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Bloomberg: Minerals Management Head Burton to Retire This Month (Update1)

By Jim Efstathiou Jr.

(Bloomberg) — Johnnie Burton, the top U.S. official overseeing Gulf of Mexico oil and gas drilling, will retire effective at the end of this month, Interior Secretary Dirk Kempthorne said.

“I respect your decision to return to your family and to the West we both love,” Kempthorne wrote in a letter accepting Burton’s resignation, according to a release from the department.

Burton served as director of the Minerals Management Service during the disclosure of an error that may allow oil and natural gas driller to avoid more than $10 billion in government fees. While the mistake occurred before President George W. Bush appointed her in 2002, an investigation revealed that Burton failed to take swift action.

“There’s been a lot of criticism and second guessing of the agency during this period,” Kim Harb, director of policy and government affairs at the National Ocean Industries Association, said last month. “She’s been tough when she needs to be tough. The industry doesn’t always agree with her.”

Harb, a former Interior Department attorney, said Burton deserves praise for managing the agency through Hurricane Katrina, which devastated the Gulf Coast in September 2005, shutting down much of the oil and gas production in the Gulf of Mexico managed by the government.

“That was during a period where the majority of her employees were personally affected by the storm,” Harb said. “She has led the agency though a really difficult period.”

Expanded Drilling

The Minerals Management Service employs about 1,700 people in 20 cities with over 1.76 billion offshore acres under its control. The agency collected $12.8 billion in royalties in 2006.

Burton was in charged during the development of a plan to expand oil and natural gas drilling on 48 million acres in the Gulf of Mexico, off the coast of Virginia and in parts of Alaska including Bristol Bay. The recommendation furthers a Bush initiative to increase domestic supplies of oil and gas.

Still, she may be remembered for drilling leases issued in 1998 and 1998 by the agency that omitted price thresholds that would require royalty payments when oil and gas prices rise. Burton told Congress in September she first learned about the mistake in early 2006.

She was confronted with evidence that her employees told her about the leases in 2004 and that she failed to take action, the inspector general said in a report.

No Role

Controversy over the faulty leases, “did not play a role in the decision” to retire, and Kempthorne did not seek her resignation, said Interior Department spokesman Chris Paolino. “This was just her decision. She’s put in five full years as the director.”

The Minerals Management Service has also come under criticism during Burton’s tenure for its inability to verify that oil and gas producers are paying full royalties. The Interior Department’s Office of Inspector General in December said the agency relies too heavily on company-reported information in determining whether proper royalties are paid.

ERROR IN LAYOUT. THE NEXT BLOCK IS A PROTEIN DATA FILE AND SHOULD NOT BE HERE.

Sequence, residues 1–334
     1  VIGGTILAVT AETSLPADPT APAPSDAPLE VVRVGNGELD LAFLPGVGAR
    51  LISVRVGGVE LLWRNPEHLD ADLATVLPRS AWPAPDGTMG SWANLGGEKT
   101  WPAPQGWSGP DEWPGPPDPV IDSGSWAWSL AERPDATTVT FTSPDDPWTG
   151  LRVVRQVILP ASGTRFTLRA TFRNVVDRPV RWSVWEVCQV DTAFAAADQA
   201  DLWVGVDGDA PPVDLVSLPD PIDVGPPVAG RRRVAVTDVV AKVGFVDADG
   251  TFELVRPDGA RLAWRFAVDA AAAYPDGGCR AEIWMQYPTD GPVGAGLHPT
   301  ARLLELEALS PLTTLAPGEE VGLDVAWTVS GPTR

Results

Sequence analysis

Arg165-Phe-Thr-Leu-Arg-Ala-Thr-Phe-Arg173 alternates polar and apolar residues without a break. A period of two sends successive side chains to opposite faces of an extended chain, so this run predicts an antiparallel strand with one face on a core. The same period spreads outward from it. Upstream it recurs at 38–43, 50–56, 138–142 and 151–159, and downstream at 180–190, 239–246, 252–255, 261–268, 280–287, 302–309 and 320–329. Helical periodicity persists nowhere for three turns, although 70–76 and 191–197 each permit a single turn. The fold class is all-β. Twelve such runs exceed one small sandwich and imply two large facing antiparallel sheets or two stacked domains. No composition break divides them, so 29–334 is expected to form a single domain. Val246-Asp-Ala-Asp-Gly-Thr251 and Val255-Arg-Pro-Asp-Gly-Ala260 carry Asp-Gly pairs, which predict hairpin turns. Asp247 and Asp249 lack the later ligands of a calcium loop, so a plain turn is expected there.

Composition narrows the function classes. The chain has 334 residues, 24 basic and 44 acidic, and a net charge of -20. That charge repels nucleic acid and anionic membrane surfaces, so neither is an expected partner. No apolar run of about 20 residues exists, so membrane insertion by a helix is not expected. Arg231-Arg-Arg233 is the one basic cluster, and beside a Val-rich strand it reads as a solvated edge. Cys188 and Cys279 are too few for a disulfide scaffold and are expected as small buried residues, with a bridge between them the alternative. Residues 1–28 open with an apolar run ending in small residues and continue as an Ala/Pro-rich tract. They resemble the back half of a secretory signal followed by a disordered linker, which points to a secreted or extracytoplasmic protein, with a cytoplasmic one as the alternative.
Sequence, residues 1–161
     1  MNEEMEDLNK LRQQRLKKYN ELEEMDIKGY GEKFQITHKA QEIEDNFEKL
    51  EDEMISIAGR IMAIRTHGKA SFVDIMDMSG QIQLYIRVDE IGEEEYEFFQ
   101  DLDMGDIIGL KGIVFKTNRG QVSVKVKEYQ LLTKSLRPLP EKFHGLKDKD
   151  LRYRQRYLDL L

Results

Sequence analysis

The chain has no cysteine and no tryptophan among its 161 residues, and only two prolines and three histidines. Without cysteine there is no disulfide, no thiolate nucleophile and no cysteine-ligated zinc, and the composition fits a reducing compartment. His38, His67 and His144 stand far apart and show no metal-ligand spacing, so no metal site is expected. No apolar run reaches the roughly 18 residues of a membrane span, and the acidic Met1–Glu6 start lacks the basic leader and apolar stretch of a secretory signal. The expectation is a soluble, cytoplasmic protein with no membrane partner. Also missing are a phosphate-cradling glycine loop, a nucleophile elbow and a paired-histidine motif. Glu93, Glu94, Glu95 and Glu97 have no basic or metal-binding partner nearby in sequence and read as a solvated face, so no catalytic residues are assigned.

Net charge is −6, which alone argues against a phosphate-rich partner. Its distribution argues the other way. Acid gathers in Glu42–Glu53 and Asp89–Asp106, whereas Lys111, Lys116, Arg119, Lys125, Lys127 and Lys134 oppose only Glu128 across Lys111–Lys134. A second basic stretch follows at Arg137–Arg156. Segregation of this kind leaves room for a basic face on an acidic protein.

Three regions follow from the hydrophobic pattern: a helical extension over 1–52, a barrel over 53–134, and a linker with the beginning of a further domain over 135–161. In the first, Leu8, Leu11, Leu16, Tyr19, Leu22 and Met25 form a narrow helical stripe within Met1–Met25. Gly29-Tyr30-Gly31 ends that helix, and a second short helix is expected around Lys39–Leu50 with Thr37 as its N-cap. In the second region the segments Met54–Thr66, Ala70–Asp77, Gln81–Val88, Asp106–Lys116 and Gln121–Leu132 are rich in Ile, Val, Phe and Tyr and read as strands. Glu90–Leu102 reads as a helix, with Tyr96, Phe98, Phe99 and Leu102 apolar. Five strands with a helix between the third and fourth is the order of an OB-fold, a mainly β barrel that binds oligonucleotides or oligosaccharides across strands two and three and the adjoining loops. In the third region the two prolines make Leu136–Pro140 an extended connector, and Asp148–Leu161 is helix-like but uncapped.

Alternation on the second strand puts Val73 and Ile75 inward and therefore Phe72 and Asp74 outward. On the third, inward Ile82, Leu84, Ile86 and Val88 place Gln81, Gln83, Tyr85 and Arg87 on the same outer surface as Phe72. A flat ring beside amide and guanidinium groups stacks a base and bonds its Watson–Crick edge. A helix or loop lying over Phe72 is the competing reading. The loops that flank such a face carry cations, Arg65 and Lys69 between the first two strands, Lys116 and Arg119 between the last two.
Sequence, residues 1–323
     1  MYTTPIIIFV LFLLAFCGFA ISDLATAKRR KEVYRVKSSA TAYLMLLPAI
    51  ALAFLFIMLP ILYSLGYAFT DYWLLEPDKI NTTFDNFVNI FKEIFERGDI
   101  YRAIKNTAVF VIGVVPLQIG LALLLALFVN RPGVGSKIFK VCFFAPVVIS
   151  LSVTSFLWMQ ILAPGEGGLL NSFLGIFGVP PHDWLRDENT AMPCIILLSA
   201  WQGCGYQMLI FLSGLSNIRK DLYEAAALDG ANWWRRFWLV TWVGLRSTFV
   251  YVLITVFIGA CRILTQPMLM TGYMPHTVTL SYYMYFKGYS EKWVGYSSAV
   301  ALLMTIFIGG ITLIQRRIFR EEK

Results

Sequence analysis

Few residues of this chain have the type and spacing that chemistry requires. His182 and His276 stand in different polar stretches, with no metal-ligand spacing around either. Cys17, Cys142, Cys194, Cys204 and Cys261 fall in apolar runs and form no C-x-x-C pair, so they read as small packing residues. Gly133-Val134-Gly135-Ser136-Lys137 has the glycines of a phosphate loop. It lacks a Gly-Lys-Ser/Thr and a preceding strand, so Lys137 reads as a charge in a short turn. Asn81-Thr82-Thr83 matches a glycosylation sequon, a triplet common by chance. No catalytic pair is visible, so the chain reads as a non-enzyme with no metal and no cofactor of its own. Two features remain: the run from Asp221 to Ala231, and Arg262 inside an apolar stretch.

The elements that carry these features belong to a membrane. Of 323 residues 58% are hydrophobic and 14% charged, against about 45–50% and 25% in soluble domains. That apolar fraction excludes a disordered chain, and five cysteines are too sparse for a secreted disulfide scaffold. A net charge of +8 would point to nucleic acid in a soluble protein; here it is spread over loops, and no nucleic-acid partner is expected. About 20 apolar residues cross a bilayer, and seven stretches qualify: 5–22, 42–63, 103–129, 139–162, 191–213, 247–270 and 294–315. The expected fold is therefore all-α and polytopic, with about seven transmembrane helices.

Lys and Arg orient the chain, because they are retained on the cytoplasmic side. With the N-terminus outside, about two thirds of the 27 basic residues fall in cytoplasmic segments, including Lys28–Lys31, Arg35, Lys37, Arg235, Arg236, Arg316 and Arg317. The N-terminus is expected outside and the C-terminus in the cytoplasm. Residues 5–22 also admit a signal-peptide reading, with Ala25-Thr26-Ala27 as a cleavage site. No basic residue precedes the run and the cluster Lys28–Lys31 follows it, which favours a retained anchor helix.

“MMS has long been the brunt of a lot of criticism, and to a large extent it is because it is very hard to calculate, according to any formula, the royalties and taxes on crude oil,” former Senator Bennett Johnston, a Democrat from Louisiana, said last month. “Without trying to defend everything that MMS has done, it is like being an umpire in a football game. It’s just very hard to make everyone happy.”

Royalty Act

Johnston chaired the Senate energy committee when the 1995 Deep Water Royalty Relief Act was written. The law sets up the system of fees in the offshore leases meant to cut royalties when energy prices were low to foster U.S. offshore production, and increase them when prices rose.

Once the mistake in 1998 and 1999 leases became public last year, Burton tried to persuade companies to voluntarily agree to pay fees. That job was later passed to Stephen Allred, head of the Interior Department’s land and minerals division.

In December, six companies including Royal Dutch Shell Plc, BP Plc, ConocoPhillips and Marathon Oil Corp. said they would pay royalties for production from Oct. 1, 2006, forward. Several other producers, including Chevron Corp., have declined to accept similar terms.

Burton was born in Birkadem, Algeria, in 1939. She immigrated to the U.S. in 1963 and taught French in New York’s Wantagh school district for two years.

Burton earned an undergraduate degree from the University of Wyoming in 1974 and served as deputy director of revenue for Wyoming from 1995 to 2002.

To contact the reporter on this story: Tina Seeley in Washington at [email protected] .

Last Updated: May 7, 2007 18:23 EDT

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